The long-term goal of this research is to develop a new, non-invasive brain-computer interface (BCI) that will provide augmentative and alternative communication (AAC) capabilities to patients who have lost these capabilities due to severe motor impairments, such as completely locked-in syndrome (CLIS), amyotrophic lateral sclerosis (ALS), and severe cerebral palsy (CP). The proposed research project will work towards a long-term goal by developing a BCI based on brain imaging signals from high-density diffuse optical tomography (HDDOT). Some existing BCIs record electroencephalography (EEG) or electrocorticography (ECoG) signals from patients and then decode these signals into instructions for operating some element of the outside world, such as a cursor on a screen, a prosthetic limb, or a virtual keyboard. This functionality can enable communication. However, BCI generally has had limited success and capabilities in CLIS patients with EEG or has relied on invasive technology such as ECoG or intracortical recordings, which require surgical placement of electrodes on or beneath the brain surface. Although functional MRI (fMRI) has recently achieved great success with decoding items viewed or heard by subjects (e.g., distinguishing from among >100 viewed images), fMRI requires bulky, expensive equipment that cannot be employed for routine BCI for patients with severe motor- related communication deficits. In contrast, optical imaging approaches, such as near-infrared spectroscopy (NIRS), employ portable, wearable hardware. These optical systems are non-invasive and use non-ionizing, near-infrared light to create movies of blood oxygenation and therefore provide physiological information comparable to the fMRI signal. NIRS has recently been applied as an alternative to EEG BCI for decoding simple yes/no responses in CLIS patients. However, NIRS systems suffer from much-lower spatial resolution than fMRI, which renders NIRS unlikely to match the decoding capabilities of fMRI. High-density diffuse optical tomography (HDDOT) combines the lightweight, low-cost equipment benefits of EEG and NIRS with higher spatial resolution closer to that of fMRI at the brain surface. Recent advances in HDDOT systems have enabled average spatial localization errors <5 mm and spatial resolution <17-20 mm (substantially better than NIRS). Studies have demonstrated detailed maps of both visual and language tasks. These properties make HDDOT an ideal candidate tool for decoding brain function. The fellowship training will provide a strong foundation in optical neuroimaging methods, machine learning, and brain-computer interface. These experiences will prepare the applicant exceptionally well for a career in biomedical engineering research and for developing technology that will improve these patients? quality of life.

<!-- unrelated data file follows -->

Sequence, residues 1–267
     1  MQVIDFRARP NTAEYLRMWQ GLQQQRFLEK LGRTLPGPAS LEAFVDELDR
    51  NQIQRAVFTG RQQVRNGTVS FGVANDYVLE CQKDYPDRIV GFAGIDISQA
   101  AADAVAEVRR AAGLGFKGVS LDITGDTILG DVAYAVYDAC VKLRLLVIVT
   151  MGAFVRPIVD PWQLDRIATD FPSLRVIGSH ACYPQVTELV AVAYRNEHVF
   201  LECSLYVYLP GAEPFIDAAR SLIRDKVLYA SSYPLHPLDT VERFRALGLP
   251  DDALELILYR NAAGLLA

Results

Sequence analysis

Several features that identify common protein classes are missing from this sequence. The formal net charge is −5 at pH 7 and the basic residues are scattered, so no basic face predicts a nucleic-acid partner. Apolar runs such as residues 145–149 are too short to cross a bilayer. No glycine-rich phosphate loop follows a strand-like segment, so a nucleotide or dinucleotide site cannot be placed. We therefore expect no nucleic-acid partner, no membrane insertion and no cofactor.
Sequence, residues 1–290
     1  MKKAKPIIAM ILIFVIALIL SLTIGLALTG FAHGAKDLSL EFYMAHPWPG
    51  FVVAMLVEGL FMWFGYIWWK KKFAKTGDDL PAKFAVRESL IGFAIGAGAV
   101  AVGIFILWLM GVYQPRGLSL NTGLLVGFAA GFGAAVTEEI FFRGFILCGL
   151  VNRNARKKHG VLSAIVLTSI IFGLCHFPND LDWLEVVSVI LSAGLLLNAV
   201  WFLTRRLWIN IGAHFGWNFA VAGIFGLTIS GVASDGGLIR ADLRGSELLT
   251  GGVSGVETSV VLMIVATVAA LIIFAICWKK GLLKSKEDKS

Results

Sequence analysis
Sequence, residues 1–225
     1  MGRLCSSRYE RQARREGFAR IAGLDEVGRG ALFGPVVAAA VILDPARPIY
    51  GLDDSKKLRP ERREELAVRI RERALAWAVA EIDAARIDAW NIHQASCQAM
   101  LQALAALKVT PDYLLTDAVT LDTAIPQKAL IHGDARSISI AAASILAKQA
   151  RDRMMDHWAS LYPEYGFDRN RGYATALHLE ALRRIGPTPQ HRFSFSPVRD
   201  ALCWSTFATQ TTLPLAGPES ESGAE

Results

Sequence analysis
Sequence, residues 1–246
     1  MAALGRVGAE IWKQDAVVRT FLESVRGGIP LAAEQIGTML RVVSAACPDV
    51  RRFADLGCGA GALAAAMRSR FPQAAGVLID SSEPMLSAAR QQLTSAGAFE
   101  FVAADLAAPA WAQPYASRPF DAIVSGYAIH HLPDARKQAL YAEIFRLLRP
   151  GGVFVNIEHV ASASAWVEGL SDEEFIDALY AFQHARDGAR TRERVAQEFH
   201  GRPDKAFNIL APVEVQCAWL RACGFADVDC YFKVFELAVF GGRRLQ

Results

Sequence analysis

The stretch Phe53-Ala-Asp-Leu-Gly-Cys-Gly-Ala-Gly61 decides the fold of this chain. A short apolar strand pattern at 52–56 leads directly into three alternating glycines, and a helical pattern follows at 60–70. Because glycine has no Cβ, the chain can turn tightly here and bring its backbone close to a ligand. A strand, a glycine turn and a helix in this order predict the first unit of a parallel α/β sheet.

Public Health Relevance

This project will develop decoding methods and evaluate their feasibility for using a high- performance optical brain scanner to identify and distinguish between imaging tasks in human subjects. The long-term goal of this research is to enable locked-in patients to communicate with others using augmented communication facilitated by a portable brain-scanning device, and a computer that decodes their brain signals.

National Institute of Health (NIH)
National Institute of Neurological Disorders and Stroke (NINDS)
Predoctoral Individual National Research Service Award (F31)
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Special Emphasis Panel (ZRG1)
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Kukke, Sahana Nalini
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Washington University
Computer Center
Saint Louis
United States
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